FIG. 9 illustrates a 360 camera whose rotation mechanism can be constructed so it is similar to the mechanism shown in FIG. 3. That is, a deflecting element 132 in the form of a prism or mirror is located where it can have an unobstructed 360 view, and is rapidly rotated about a vertical axis 134. Light deflected by the element 132 passes through a rotating dove or pechan prism 136 and is focused onto an imaging location 138 past which film rapidly moves. In the arrangement of FIG. 9, the film is below the optical mechanism so the portion at the imaging location 138 can be wound onto and off of reels 140, 142 that are out of the way of the deflecting element 132. The film can be developed and then shown in the projector of FIG. 3.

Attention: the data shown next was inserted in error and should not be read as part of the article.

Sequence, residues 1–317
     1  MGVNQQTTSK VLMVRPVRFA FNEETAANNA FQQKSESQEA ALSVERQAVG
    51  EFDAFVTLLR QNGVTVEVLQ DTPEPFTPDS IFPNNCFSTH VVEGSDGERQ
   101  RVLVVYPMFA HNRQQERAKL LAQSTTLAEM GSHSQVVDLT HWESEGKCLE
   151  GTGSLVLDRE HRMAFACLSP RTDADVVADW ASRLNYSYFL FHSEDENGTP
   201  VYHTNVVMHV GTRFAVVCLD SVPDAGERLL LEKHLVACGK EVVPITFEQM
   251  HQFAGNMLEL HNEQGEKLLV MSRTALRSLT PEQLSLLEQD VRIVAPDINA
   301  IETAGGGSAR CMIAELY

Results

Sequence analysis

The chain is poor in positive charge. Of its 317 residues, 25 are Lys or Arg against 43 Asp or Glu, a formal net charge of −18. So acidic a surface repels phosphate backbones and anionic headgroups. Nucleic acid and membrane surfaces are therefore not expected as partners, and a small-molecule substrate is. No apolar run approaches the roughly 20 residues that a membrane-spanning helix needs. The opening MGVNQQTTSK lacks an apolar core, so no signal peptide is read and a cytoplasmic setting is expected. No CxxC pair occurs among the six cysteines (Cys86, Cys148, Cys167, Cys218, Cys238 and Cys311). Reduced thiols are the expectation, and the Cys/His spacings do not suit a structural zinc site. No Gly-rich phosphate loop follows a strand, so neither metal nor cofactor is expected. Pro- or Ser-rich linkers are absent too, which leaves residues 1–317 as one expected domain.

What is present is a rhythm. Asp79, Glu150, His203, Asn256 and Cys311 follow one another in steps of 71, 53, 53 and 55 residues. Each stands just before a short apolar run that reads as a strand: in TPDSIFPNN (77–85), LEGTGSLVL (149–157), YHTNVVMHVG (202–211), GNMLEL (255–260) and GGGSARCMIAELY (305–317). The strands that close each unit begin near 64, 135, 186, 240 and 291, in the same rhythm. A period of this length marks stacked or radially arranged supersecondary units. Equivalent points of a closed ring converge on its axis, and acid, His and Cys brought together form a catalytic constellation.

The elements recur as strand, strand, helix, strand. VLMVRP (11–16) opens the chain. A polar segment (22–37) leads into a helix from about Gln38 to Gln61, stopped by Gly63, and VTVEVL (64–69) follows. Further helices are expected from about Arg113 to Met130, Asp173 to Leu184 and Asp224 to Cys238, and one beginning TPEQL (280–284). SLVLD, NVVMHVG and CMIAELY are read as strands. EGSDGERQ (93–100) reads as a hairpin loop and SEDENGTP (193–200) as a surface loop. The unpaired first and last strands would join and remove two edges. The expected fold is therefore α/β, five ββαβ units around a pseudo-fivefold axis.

Where a single frame length of film is projected only once on the screen before the beginning of the next frame length, at least about 48 new frame lengths of film must be projected on the screen to avoid flicker. In commercial motion picture theaters, 24 frames per second are projected on the screen, but each film frame is flickered twice, to avoid observable flickering in the projected motion picture image. Applicant has found that when at least 50 new frames of film are shown on a circular screen, and with the good resolution and high light level of commercial motion picture systems, (at least 12 foot-lambers), that an unusually high vividness and realism are realized by the observer of the motion picture film. Such unusual vividness and realism are achieved in the present 360 projection system by taking and showing film at a rate of at least 50 new frame lengths per second. Also, further enhancement of the image is achieved with a light source that provides sufficient intensity that the average light projected on the screen, when there is completely transparent film or no film, is an average of at least 16 foot lamberts and preferably over 20 foot lamberts. For a scan image occupying only 7 of the 360 total scan, this requires that the 7 scan image produce an illumination level of at least about 820 lamberts in order to obtain an average at the screen of at least 16 foot lamberts. Also, the area of each one-third of a "frame length" (which covers a 120 field of view) and the resolution are sufficient to at least equal good professional motion picture photography in the 35 mm format wherein there are at least 3.4 million pixels per frame length of the film; therefore there are at least 10 million pixels per frame length. As projected on the screen there should be at least about 450 line pairs across the height of the projected image.